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September 3, 2015

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At a glance: UNLV Now

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Artist rendering of the proposed UNLV Now project.

UNLV Now

Artist rendering of the proposed UNLV Now project. Launch slideshow »

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  • UNLV President Neal Smatresk talks about the importance of sports for the university
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The heart of the UNLV Now plan is a 50,000-seat domed stadium (or “mega-event center”), expandable to 55,000 seats, on the campus of UNLV. Also included in the project would be thousands of living units — described once as mini resorts — for UNLV students and faculty, and a retail area.

Principals behind proposal

This public/private venture brings together UNLV and California-based Majestic Realty Co., developers of the Staples Center in Los Angeles. Craig Cavileer, Silverton resort president, is Majestic’s project representative.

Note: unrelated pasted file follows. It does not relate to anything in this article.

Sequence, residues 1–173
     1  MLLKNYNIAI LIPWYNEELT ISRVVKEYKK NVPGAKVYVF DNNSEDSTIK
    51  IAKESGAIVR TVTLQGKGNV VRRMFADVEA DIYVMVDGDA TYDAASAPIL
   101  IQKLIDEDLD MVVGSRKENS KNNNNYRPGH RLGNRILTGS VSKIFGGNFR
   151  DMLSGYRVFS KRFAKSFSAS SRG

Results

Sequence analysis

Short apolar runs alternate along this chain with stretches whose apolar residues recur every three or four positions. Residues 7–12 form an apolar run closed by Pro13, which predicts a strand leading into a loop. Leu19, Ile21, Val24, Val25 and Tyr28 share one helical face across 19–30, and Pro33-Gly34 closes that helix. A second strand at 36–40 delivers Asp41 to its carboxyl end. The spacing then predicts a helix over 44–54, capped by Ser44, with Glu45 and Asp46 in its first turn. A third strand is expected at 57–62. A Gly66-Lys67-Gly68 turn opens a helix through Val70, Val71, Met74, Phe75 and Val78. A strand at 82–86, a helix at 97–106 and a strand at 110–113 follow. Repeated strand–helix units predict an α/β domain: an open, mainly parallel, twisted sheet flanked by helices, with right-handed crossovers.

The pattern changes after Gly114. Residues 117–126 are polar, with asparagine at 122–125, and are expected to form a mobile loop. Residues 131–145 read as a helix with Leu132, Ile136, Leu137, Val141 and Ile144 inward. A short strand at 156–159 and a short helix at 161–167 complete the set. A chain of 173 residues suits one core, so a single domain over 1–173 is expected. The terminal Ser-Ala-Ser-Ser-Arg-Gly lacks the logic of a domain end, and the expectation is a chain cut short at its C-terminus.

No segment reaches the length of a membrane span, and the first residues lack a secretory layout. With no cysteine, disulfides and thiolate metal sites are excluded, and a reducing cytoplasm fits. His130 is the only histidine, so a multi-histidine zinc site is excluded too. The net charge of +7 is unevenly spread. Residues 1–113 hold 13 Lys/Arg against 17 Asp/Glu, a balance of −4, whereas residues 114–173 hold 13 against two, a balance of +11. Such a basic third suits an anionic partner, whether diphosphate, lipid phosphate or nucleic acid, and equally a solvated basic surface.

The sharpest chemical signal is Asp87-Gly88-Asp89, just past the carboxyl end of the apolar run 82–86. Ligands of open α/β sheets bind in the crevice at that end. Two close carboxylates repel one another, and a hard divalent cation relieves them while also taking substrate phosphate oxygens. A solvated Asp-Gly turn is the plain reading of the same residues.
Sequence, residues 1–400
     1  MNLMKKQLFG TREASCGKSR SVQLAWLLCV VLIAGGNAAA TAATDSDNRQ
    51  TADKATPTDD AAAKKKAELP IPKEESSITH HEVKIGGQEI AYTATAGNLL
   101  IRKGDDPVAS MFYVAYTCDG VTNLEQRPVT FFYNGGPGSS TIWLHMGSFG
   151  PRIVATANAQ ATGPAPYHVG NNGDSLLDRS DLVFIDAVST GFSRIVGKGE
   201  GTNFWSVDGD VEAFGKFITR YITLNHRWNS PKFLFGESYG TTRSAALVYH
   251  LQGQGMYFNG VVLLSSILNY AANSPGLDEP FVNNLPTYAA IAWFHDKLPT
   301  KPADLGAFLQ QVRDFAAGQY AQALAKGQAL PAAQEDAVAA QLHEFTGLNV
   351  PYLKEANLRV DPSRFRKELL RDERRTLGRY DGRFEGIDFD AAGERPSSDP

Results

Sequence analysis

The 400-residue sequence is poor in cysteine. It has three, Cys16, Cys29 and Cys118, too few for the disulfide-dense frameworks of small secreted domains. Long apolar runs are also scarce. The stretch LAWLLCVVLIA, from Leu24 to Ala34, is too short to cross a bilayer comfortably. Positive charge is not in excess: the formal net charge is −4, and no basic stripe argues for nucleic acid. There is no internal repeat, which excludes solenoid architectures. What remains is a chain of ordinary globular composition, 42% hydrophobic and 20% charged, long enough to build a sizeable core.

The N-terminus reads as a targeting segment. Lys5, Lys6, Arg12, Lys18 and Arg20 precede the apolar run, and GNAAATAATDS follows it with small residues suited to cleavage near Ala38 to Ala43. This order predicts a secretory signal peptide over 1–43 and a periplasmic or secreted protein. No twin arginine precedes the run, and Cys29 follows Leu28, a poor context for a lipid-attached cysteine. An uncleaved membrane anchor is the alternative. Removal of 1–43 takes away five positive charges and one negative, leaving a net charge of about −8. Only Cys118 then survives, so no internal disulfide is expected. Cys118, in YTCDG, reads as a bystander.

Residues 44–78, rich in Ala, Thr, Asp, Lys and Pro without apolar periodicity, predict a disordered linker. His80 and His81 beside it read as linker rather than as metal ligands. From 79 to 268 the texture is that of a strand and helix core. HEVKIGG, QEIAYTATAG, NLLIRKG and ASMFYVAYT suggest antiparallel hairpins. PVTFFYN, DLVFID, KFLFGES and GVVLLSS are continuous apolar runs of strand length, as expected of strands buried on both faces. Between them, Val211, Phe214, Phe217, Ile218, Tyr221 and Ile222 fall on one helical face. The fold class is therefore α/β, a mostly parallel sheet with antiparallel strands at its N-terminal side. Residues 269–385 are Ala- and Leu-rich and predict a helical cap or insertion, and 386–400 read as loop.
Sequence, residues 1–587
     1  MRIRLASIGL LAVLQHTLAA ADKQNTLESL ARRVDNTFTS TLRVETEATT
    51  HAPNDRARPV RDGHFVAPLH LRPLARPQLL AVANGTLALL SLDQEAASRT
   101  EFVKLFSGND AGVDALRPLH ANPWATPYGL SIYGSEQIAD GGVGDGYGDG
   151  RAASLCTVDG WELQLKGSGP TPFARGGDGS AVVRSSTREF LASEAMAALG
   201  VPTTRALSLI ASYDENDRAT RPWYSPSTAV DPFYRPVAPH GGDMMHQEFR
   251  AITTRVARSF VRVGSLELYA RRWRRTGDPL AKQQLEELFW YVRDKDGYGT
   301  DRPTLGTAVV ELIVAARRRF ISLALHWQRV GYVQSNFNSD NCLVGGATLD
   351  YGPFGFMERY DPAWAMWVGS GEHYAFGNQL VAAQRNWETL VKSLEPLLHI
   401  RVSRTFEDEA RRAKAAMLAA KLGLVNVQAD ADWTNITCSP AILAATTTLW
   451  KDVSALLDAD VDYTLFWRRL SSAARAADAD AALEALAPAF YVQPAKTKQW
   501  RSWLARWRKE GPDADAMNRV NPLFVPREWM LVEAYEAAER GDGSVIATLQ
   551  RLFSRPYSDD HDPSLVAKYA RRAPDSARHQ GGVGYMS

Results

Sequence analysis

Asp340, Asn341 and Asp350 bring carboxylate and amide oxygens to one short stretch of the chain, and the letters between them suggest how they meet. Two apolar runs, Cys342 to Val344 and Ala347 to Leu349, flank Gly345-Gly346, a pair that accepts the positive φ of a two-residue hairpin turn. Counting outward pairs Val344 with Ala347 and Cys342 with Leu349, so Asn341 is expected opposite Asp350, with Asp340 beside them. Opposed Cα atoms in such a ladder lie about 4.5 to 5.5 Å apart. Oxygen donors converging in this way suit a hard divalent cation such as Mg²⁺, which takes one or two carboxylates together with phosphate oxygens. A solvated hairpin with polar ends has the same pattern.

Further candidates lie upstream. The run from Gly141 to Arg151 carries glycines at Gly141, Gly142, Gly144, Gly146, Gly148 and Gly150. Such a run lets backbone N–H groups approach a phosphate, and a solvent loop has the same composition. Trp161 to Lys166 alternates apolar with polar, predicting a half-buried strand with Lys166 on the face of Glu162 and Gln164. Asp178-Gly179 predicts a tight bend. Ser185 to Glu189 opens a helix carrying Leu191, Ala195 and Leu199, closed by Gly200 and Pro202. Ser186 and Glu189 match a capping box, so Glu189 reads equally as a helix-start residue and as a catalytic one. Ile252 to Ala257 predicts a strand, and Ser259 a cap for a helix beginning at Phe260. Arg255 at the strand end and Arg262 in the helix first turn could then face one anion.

Support for or against

The Nevada Board of Regents has embraced the project. UNLV President Neal Smatresk calls it the “transformational step we need” for the campus. The project received a big boost this summer when longtime Las Vegas developer Irwin Molasky spoke on its behalf to the Board of Regents. Thus far, no organized opposition has surfaced.

Likelihood of attracting a pro team

Developers are thinking NHL or soccer, even rugby. The prevailing thought in Las Vegas is, “if you build it, the NBA or NHL will come.” Maybe even Major League Soccer.

Financing and/or enticements

UNLV would float bonds for long-term financing, leveraging sales tax revenue collected onsite. Majestic would provide private funding and is doing most of the planning.

Legal and legislative obstacles

Project developers are seeking a tax-increment finance district for the project, which would require legislative approval. If the district is approved, the project would be exempt from paying property, sales and live entertainment taxes for an estimated 25 to 30 years. Developers could still collect those fees and keep the money to help pay off the project’s debt. Proponents will lobby the Legislature to approve the tax-increment finance district early in the 2013 session. A similar attempt to allow tax dollars to be used to fund a stadium’s construction failed late in the 2011 session.

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